Use this URL to cite or link to this record in EThOS: http://ethos.bl.uk/OrderDetails.do?uin=uk.bl.ethos.597147
Title: Structure-function analysis of a Bacillus thuringiensis entomocidal toxin
Author: Burton, S. L.
Awarding Body: University of Cambridge
Current Institution: University of Cambridge
Date of Award: 1999
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Abstract:
This dissertation describes a mutagenic analysis of the structural determinants of toxicity, specificity and receptor binding of the Bacillus thuringiensis (Bt) insecticidal Cry 1 Ac δ-endotoxin. In a previous mutagenesis study of Cry1Ca δ-endotoxin, positively charged amino acids were replaced by uncharged residues. Some of the mutations gave increased crystal expression and/or toxicity against Spodoptera exigua larvae. In the present study, eight of the latter mutations were introduced by site-directed mutagenesis at the equivalent positions in Cry1Ac to investigate if the increase in potency is true for other δ-endotoxins. All but one of the mutants expressed normally in Bt. The other seven mutants were solubilised and activated and then screened for activity against Manduca sexta larvae, and for in vitro qualitative binding to brush border membrane vesicles (BBMV) prepared from Manduca sexta. One arginine residue was found to be important in toxicity. Residues found to be important in Ga1NAc-recognition were identified, and from this information, a triple mutant was constructed. In toxicity assays using neonate Manduca sexta larvae, there was no significant difference in toxicity between wild type Cry1Ac and any of the domain III mutants. In both a qualitative binding assay and the osmotic swelling assay, no inhibitory effect was observed by Ga1NAc on the action of the triple mutant on Manduca sexta BBMV. This indicates that Ga1NAc binding is located on domain III of Cry1Ac. The data presented in this dissertation provides strong evidence to support the hypothesis that Cry1Ac causes pore formation in Manduca sexta BBMV by two distinct receptor-mediated mechanisms. The triple mutant has lost the Ga1NAc-inhibitable aminopeptidase N-dependent mechanism of action and shows only Ga1NAc independent pore formation in BBMV permeability assays.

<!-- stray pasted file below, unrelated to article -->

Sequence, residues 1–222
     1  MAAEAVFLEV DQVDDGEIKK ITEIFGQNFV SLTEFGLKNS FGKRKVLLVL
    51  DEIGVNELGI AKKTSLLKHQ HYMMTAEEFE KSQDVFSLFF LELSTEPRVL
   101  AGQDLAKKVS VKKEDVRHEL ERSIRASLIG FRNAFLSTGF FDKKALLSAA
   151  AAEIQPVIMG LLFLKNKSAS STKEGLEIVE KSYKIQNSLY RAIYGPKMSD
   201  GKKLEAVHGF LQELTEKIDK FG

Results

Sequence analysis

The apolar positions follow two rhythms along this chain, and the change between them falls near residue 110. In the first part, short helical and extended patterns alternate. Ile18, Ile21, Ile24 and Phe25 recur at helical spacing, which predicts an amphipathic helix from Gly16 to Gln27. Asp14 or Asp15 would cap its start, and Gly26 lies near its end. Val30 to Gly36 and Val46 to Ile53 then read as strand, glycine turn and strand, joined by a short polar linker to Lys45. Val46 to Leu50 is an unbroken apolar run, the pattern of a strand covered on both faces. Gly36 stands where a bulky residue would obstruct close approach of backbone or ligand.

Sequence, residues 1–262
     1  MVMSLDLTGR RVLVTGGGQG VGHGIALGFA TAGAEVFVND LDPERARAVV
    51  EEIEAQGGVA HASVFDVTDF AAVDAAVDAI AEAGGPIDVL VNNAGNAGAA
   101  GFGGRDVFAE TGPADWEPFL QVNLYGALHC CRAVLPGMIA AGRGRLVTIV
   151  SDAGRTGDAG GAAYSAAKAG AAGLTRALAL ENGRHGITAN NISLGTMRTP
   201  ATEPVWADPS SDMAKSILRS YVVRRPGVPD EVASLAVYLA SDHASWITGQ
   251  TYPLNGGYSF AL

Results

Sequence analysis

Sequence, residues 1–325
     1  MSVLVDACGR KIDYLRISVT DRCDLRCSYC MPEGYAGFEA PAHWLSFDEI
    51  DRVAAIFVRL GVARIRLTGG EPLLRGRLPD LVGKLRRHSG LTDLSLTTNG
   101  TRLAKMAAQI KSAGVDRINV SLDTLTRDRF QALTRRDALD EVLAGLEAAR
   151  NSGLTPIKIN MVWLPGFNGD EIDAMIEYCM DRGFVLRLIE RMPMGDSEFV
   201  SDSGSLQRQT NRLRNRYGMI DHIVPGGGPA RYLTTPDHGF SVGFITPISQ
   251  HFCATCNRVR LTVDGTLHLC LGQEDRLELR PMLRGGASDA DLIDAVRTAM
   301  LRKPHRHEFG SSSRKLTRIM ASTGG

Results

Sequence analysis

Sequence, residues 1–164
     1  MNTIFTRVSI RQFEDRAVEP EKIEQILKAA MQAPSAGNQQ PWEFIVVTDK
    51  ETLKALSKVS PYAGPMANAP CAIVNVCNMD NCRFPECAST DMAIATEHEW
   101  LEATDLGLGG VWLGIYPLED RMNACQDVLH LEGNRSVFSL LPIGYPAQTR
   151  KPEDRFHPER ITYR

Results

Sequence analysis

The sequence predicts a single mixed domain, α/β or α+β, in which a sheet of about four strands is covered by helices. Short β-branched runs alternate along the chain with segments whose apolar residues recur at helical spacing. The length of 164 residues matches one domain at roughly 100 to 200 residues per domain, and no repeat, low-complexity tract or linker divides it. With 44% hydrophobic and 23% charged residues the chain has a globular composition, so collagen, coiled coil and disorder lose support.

Supervisor: Not available Sponsor: Not available
Qualification Name: Thesis (Ph.D.) Qualification Level: Doctoral
EThOS ID: uk.bl.ethos.597147  DOI: Not available
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